Genesis 13:14-16

While much of Abram’s blessing was to come in the form of his offspring, there was also the blessing that would come in the form of the Messiah, who would bring salvation to God’s people.

God also promised to make Abram’s name great. No one is probably more honored in history than Abraham, who is honored not only by Christians and Jews but also by Muslims.

3) Universal Blessing

Finally, God promised Abraham that He was going to start a spiritual movement through him that would influence every nation of the earth – “And in you all the families of the earth shall be blessed” (Genesis 12:3c).

God’s covenant with Abraham reached beyond him to humanity in general. Those people and nations which treated Abraham well and the nation which would descend from him would know God’s favor. On the other hand, those people and nations who mistreated Abraham and his descendants could expect the curse of God to rest on them (Genesis 12:3).

The final universal aspect of God’s covenant with Abraham as implied by the promise that “in him all families of the earth will be blessed” would be Abraham’s most important descendant – the Messiah. The sacrifice and atoning death of the Messiah would make available forgiveness and salvation for the entire world.

This promise made more specific the prophecy in God’s covenant with Adam that the Seed of the woman would bruise the serpent’s head (Genesis 3:16).

Christ and the Abrahamic Covenant

God’s covenant with Abraham was more than a personal agreement between a godly man and the Lord; it promised blessings for “all the families of the earth.”

Paul wrote the church in Rome that believing Gentiles, like branches from “a wild olive tree, were grafted in among {believing Israel}, and with them became a partaker of the root and fatness of the olive tree” (Romans 11:17). The “root” from which God’s people draw their rich spiritual life is God’s covenant with Abraham.

If You are in Christ, You are Abraham’s Seed

In Galatians 3:17, Paul reasoned that God’s covenant with Abraham was foundational to spiritual life on two bases. First, it predated the Mosaic Law by 430 years. The law must always be understood in light of the covenant with Abraham.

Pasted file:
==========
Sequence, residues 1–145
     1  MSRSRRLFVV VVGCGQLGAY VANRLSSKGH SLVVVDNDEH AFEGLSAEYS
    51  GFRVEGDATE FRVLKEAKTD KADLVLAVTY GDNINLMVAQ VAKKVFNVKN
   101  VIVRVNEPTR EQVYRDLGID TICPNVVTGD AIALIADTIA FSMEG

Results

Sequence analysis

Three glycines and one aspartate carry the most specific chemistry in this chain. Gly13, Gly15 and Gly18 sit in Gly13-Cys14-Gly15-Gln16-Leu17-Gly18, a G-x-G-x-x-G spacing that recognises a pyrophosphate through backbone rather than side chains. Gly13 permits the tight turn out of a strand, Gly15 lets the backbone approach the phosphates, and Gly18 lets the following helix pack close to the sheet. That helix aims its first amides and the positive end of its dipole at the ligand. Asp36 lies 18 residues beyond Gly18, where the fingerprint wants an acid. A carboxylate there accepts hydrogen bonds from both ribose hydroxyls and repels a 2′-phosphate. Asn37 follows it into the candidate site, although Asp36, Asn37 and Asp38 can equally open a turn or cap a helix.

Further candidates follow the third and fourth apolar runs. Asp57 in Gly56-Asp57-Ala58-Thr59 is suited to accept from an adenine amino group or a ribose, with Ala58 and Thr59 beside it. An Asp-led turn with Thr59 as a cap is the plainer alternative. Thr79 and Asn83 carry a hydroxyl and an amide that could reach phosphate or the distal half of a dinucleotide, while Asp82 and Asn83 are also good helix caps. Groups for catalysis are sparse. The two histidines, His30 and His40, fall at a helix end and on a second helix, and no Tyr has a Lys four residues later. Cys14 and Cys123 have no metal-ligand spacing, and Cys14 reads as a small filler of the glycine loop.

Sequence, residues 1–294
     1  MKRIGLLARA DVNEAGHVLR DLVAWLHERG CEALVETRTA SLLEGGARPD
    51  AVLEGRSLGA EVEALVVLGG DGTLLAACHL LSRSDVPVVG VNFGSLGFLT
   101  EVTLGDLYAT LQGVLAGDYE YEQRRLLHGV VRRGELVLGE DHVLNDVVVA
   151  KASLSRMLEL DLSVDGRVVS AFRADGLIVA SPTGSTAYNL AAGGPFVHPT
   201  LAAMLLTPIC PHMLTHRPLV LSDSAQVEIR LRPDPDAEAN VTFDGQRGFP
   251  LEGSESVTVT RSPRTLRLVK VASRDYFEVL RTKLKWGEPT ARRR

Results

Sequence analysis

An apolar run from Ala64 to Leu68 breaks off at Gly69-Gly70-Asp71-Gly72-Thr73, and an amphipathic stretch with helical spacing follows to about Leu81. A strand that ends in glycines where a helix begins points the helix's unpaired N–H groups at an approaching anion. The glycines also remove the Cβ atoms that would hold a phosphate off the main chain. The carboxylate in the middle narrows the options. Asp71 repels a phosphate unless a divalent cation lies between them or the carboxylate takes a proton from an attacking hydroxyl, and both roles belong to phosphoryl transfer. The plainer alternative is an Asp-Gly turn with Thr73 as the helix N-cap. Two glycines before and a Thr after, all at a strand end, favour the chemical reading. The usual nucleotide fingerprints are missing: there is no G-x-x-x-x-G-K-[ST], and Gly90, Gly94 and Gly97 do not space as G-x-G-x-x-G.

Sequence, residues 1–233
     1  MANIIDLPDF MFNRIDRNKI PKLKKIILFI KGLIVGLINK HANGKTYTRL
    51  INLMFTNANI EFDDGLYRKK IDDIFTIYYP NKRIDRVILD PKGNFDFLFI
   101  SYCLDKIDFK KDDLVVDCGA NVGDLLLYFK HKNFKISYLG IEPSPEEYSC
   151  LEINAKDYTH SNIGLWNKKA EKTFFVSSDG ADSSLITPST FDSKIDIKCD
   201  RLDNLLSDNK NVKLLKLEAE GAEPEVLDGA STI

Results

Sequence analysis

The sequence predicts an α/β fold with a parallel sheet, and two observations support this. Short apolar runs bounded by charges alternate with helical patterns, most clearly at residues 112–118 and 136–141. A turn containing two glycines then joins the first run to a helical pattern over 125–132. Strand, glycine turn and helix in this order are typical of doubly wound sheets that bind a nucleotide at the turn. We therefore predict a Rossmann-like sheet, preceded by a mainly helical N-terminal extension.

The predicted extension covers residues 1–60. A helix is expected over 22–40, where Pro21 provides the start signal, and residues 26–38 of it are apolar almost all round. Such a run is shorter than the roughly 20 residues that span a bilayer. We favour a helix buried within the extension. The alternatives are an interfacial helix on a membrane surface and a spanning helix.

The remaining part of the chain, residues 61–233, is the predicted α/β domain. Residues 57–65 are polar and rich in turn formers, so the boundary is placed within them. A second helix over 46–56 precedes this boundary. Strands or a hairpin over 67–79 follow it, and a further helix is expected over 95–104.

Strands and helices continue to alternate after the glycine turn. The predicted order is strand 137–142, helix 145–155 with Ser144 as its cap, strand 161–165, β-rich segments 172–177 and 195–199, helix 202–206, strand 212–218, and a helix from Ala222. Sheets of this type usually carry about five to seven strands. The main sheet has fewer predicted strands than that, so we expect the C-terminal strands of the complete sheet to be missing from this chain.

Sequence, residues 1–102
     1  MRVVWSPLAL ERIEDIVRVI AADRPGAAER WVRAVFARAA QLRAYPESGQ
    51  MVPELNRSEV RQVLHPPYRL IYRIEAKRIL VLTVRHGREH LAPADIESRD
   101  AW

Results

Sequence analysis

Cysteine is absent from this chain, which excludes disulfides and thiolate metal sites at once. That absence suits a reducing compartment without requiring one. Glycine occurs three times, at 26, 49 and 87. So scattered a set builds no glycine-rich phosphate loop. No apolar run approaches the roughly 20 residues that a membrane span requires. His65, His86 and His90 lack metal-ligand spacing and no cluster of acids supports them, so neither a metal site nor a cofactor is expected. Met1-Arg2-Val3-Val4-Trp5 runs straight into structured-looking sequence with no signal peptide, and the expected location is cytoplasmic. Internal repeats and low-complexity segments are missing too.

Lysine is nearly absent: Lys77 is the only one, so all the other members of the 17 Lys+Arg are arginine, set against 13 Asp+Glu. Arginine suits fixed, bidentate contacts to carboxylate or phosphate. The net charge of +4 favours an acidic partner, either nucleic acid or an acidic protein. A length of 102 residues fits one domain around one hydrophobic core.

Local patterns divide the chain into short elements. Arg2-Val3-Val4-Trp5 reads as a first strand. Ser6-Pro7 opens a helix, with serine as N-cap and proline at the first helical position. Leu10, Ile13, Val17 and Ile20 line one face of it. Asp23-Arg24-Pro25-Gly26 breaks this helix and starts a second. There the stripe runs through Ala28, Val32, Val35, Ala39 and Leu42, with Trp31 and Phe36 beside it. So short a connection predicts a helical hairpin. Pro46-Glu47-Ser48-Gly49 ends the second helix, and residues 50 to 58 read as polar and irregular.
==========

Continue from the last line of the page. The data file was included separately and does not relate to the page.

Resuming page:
More importantly, Paul insisted that God confirmed His covenant with Abraham “in Christ.” God had made His covenant with Abraham “and his seed” (Genesis 13:15; 15:18, “descendants” literally reads “seed”). Paul contended that God looked through all the generations of Abram’s “seed” to Christ, “the Seed,” as the means of guaranteeing the unconditional provisions of the covenant (Galatians 3:16-17).

Paul wrote, “If you are Christ’s, then you are Abraham’s seed, and heirs according to the promise” (Galatians 3:29). The covenant made in Genesis 12:1-3 applied just to the physical descendants of Abraham. In Christ, the blessings promised to the heirs of Abraham find spiritual application to all people of faith (Romans 4:16).

Paul further reasoned that physical descendants of Abraham who rejected Jesus as their Messiah could be compared to Ishmael, Abraham’s son by Hagar (Galatians 4:23-25). People who respond to Jesus with the kind of faith Abraham pioneered could be compared to Isaac, Abraham’s son of promise by Sarah (Galatians 4:28).

Paul called these people “the Israel of God” (Galatians 6:16).

All Israel will be Saved

By identifying people of faith in Christ as the heirs of blessings of God’s covenant with Abraham, the New Testament does not deny any future role to the Jewish people in the outworking of that covenant.

As mentioned earlier, the Book of Romans pictures native branches of the domesticated olive tree being broken off to make room for wild branches to be grafted in and draw fruitful life from the roots of Abraham’s covenant (Romans 11:17).

God's Covenant with Abraham Explained

That process is reversible as we read in Romans 11:23. Indeed, the New Testament anticipates a time of spiritual renewal among the physical descendants of Abraham when their ancestry and faith in Christ will align. “Hardening in part has happened to Israel until the fullness of the Gentiles has come in. And so all Israel will be saved” (Romans 11:25-26).

Conclusion

Other than being the first theocratic covenant (pertaining to the rule of God) and the basis of all the other theocratic covenants, the Abrahamic covenant was unconditional.

This means it was dependent solely upon God who obligates Himself in grace, indicated by the unconditional declarations, “I will,” without corresponding “you must” demands on Abraham. Though it was given in broad outline in Genesis 12:1-3, it was later confirmed to Abraham at various times in greater detail (Genesis 13:14-17; 15:1-7, 18-21; 17:1-8).

The Abrahamic covenant contained all that God then began to do, has since done throughout history, and will continue to do. All of God’s plans for humanity grow out of this covenant.